In re AGREED STATEMENT OF FACTS FROM KAY COUNTY

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In re AGREED STATEMENT OF FACTS FROM KAY COUNTY
1911 OK 163
115 P. 1116
28 Okla. 728
Case Number: 864
Decided: 05/09/1911
Supreme Court of Oklahoma

In re AGREED STATEMENT OF FACTS FROM KAY COUNTY.

Syllabus

¶0 TAXATION--Lien for Taxes--Stock of Goods Sold--Construction of Statutes. Where taxes assessed upon a certain stock of goods are in arrears for the years 1905, 1906, and 1907, and the same are thereafter in 1907 sold to one certain person and the owner fails to retain sufficient to pay the taxes thereon, a lien thereon for the taxes of the year 1907 only is preserved by chap. 75, art. 1, sec. 8, of Wilson's Stats. of Oklahoma.

Statements of Facts from Kay County.

In the Matter of the Agreed Statement of Facts Between J. E. Burns, County Attorney for Kay County, Oklahoma, and W. S. Cline, Trustee for the Creditors of Harrington Brothers, a corporation. Judgment of trial court reversed.

W. S. Cline, Trustee, pro se.
J. E. Burns, as County Attorney, Kay County.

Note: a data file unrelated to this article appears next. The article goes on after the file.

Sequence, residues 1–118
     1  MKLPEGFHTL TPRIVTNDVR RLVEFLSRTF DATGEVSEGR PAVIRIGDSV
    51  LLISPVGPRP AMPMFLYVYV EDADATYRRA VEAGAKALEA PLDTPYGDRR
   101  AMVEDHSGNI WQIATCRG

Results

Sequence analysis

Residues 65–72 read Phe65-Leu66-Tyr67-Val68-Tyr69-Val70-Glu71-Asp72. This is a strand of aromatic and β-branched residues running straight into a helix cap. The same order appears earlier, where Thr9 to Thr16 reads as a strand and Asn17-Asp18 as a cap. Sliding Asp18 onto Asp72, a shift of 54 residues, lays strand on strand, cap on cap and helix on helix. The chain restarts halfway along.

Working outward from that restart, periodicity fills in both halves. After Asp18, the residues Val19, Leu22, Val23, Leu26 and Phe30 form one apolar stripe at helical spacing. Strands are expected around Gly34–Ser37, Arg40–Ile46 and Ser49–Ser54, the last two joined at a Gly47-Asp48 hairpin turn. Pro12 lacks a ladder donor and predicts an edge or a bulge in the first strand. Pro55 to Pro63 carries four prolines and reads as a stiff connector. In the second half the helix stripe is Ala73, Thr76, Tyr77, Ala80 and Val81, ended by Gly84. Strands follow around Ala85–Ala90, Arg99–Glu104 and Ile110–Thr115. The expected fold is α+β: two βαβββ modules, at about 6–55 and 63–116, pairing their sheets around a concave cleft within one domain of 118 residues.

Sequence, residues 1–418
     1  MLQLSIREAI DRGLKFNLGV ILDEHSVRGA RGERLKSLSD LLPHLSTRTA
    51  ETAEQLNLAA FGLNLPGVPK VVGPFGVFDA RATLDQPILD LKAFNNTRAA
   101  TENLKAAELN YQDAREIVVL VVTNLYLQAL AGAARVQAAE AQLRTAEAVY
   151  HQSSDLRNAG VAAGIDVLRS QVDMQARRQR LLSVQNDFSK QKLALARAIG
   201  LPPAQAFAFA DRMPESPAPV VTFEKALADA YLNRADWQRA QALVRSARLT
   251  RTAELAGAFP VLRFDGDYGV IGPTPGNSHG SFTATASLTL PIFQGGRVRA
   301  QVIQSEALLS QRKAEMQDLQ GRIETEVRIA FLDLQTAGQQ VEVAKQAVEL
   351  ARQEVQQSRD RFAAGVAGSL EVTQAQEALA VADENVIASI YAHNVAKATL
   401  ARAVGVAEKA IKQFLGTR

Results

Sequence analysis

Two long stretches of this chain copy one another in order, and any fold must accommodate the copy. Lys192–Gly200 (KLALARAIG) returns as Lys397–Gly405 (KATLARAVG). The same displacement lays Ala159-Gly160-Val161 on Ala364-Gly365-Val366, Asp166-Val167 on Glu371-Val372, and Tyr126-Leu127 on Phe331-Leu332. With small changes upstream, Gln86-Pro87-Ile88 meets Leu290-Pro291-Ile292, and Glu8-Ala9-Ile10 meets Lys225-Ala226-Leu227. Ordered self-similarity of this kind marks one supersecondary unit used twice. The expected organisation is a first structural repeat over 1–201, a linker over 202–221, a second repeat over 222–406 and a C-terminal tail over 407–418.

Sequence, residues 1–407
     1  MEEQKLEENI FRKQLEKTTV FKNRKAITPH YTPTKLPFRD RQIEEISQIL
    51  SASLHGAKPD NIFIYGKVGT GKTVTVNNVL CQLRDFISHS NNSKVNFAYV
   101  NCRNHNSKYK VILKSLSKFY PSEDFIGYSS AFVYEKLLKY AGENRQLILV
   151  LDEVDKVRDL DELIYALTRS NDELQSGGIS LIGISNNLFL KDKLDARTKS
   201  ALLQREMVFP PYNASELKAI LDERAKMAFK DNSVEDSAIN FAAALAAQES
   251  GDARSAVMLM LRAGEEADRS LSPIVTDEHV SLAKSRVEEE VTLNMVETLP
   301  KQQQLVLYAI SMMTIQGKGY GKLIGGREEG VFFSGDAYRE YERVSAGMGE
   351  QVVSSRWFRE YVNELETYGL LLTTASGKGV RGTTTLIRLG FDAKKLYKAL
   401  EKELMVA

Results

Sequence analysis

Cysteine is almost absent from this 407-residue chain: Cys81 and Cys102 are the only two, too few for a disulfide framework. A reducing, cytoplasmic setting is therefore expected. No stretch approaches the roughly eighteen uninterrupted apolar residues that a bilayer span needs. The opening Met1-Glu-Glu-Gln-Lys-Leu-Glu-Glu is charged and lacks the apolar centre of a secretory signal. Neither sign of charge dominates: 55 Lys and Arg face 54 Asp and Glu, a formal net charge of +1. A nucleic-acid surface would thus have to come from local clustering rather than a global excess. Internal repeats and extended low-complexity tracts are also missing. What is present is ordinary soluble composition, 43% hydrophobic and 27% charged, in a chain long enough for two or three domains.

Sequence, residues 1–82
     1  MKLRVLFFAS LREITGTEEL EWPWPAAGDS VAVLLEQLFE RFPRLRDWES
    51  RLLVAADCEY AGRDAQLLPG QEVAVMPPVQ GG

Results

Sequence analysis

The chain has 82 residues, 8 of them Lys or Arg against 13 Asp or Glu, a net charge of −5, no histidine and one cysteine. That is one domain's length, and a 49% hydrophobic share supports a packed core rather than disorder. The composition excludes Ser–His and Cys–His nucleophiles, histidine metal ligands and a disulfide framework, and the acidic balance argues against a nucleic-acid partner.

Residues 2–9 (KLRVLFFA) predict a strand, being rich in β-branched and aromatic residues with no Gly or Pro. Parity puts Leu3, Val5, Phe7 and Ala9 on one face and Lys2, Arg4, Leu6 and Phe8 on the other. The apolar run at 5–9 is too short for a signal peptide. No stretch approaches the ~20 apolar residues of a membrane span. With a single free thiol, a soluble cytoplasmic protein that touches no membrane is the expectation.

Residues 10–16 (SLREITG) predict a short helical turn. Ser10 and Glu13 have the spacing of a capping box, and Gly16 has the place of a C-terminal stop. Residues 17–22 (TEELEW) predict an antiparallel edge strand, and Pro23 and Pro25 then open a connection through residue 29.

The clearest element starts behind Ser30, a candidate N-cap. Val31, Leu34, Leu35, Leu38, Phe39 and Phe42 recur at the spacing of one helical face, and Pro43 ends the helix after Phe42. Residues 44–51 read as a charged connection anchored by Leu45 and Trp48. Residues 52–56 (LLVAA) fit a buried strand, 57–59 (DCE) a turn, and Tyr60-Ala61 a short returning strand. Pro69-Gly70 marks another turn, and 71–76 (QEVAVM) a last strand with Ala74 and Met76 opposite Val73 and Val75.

TURNER, C. J.

¶1 This cause is presented to this court pursuant to section 4419 of the Statutes of Oklahoma, 1893, upon an agreed statement of facts, between all parties in interest, in substance as follows:

¶2 That the property of Harrington Bros., a corporation, in business at Newkirk, consisted solely of a stock of hardware and store furniture and fixtures; that for the year 1905 taxes and penalty assessed against the same were $ 182.45, for 1906, $ 149.79, for 1907, $ 94.96; that on August 23, 1907, said corporation executed to W. S. Cline in trust for its creditors a chattel mortgage on all of said property to secure them some $ 3,000, but continued to sell in the usual course of trade until in February, 1908; that in March, 1908, to avoid foreclosure, said corporation sold what remained of said property to said Cline, as trustee aforesaid; that he in turn, for said creditors, that same month, sold said property to one Blevins, a nonresident, at which time neither said trustee nor said creditors knew said taxes had not been paid; that to avoid a levy to collect them he, for said creditors, out of the purchase money paid the treasurer of Kay county $ 94.96, the amount of the tax due for 1907, but denied liability and refused to pay the taxes due for 1905 and 1906. He agreed with the treasurer, however, to hold a sufficient amount realized from the sale of said property to pay them pending proper action to determine his liability so to, do, and the question for us to determine is whether we should direct him to pay same.

¶3 The governing statute (c. 75, art. 1, sec. 8, Wilson's Stats. of Okla. 1903) reads: